Chinese ‘galamsey’ kingpin case: A-G adds more charges

Immigration Officer(left) escourting the suspect out of the court room. Photo Vicent Dzatse

Immigration Officer(left) escourting the suspect out of the court room. Photo Vicent Dzatse

The Attorney-General’s (A-G) Department yesterday added new facts and charges against En Huang, the Chinese alleged illegal mining (galamsey) kingpin, and four others, standing trial for breaching immigration laws.

Mrs. Mercy Arthur, a senior state attorney, told the Accra High Court Criminal Division (four) that the first accused, Huang, also known as Aisha, Gao Jin Cheng Lu Qi Ju, Haibin Gao and Zhang Zhipeng also violated Minerals and Mining Act, 2006, Act 703.

The accused have been remanded in prison custody.

Other charges preferred against them were providing mine and support services without valid registration with the Minerals Commission, illegal employment of foreigners and disobedience of the Immigration Act 2000.

Presiding Judge, Charles Ekow Biden, remanded the accused in prison custody for the second time on May 9 at the instance of the prosecution, who demanded additional time to conduct further investigations.

The State Attorney said Huang undertook small-scale mining at Bepotenten in the Amansie Central District of the Ashanti Region, without valid registration from the Minerals Commission.

She said Huang engaged compatriots Cheng, Ju, Gao and Zhipeng whose visas did not permit them to work in Ghana.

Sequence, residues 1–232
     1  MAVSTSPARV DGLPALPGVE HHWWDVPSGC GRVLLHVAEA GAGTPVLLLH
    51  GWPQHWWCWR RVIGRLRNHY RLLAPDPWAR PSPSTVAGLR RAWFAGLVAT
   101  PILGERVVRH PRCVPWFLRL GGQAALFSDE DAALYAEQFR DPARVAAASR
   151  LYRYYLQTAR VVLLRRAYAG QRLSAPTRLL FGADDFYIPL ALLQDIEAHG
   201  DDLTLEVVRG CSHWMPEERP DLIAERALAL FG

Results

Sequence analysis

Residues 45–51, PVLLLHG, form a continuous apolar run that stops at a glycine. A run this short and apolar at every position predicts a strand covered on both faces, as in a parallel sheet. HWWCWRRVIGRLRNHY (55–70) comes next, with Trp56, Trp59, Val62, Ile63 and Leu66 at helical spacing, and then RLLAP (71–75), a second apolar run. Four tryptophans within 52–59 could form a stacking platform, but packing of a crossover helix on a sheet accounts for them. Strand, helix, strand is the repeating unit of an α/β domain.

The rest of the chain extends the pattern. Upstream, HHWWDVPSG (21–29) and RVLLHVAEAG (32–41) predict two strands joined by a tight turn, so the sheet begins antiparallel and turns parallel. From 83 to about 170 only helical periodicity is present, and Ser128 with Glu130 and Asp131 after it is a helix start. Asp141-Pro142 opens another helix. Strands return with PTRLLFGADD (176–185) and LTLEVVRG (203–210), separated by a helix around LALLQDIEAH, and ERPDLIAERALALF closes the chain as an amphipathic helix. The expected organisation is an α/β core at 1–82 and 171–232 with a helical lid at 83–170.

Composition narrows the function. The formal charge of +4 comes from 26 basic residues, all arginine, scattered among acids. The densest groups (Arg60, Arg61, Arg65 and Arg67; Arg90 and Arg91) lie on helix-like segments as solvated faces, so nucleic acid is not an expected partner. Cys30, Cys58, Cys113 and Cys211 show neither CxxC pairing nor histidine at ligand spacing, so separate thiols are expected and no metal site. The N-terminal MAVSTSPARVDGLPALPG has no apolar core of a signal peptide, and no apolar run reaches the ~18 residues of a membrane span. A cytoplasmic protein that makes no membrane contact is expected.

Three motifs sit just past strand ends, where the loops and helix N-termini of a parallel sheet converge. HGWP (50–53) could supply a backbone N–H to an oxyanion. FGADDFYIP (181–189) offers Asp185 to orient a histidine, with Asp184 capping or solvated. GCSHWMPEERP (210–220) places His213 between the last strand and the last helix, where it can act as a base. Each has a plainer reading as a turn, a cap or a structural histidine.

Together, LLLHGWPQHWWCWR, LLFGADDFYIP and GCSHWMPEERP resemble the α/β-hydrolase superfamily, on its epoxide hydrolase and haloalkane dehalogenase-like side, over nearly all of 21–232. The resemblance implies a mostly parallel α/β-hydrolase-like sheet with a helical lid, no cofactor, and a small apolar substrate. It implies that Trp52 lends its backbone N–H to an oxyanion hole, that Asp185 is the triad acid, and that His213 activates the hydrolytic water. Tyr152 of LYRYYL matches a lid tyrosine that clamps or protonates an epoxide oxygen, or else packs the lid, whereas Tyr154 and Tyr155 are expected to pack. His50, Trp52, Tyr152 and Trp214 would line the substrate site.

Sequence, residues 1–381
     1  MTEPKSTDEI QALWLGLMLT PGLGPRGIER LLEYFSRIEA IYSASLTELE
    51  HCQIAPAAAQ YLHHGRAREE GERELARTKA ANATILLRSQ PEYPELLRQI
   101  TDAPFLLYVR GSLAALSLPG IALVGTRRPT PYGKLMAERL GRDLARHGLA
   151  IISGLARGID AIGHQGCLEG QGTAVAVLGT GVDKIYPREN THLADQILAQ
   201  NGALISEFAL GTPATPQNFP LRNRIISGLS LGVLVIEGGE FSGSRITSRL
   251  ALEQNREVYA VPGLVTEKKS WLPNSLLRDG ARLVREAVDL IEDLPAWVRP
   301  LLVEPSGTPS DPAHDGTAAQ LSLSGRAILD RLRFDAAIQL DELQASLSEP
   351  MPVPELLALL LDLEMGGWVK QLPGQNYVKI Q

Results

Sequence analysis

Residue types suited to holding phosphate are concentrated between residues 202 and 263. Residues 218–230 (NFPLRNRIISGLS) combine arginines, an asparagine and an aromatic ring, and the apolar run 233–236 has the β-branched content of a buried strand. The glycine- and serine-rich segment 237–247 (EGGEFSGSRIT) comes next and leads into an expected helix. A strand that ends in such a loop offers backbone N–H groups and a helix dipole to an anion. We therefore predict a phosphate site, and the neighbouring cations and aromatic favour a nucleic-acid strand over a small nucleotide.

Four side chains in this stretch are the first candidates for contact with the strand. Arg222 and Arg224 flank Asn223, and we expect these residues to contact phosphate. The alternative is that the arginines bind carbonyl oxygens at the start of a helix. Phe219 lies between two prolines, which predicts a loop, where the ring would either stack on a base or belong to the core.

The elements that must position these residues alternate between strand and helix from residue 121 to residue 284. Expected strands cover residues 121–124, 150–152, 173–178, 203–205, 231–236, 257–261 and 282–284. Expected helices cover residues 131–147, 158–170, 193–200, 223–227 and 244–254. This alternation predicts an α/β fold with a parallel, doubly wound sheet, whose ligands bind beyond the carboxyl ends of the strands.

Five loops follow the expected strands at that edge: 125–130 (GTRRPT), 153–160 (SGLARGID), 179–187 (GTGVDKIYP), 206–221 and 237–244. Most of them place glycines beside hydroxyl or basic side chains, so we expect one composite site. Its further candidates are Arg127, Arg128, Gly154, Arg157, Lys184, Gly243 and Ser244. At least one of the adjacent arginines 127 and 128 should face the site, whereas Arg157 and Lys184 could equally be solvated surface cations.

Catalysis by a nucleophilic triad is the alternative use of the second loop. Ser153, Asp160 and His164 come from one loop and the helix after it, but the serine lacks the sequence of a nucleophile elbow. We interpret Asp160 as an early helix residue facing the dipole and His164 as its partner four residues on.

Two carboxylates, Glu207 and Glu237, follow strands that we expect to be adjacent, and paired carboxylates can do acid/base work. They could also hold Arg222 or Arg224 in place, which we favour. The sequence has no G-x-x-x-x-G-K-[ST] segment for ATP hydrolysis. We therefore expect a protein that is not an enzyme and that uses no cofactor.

Mrs. Arthur opposed application for bail by the accused, and reminded the court that she could substitute the previous charges with a new one by oral submission.

Counsel for the accused, Jerry Akwetey, said the decision to add new facts was an afterthought, and said the attorney ought to know that substitution and addition were distinct.

Akwetey argued that not only was the offence of the accused  bailable, but said  per the immigration law, the accused were required to pay a fine of GH¢100.00 seven days after their arrest, failing which they would pay 500 penalty units or GH¢6,000.

He said the first accused had a medical condition that demanded urgent attention adding that had the accused pleaded guilty to the charges, they would not face custodial sentence.

He said it was the duty of the state to ensure that fundamental human rights of individuals were protected much as it had the right to remand the accused.

The case has been adjourned to June 2 for ruling on the bail application.

By Malik Sullemana

 

 

 

 

 

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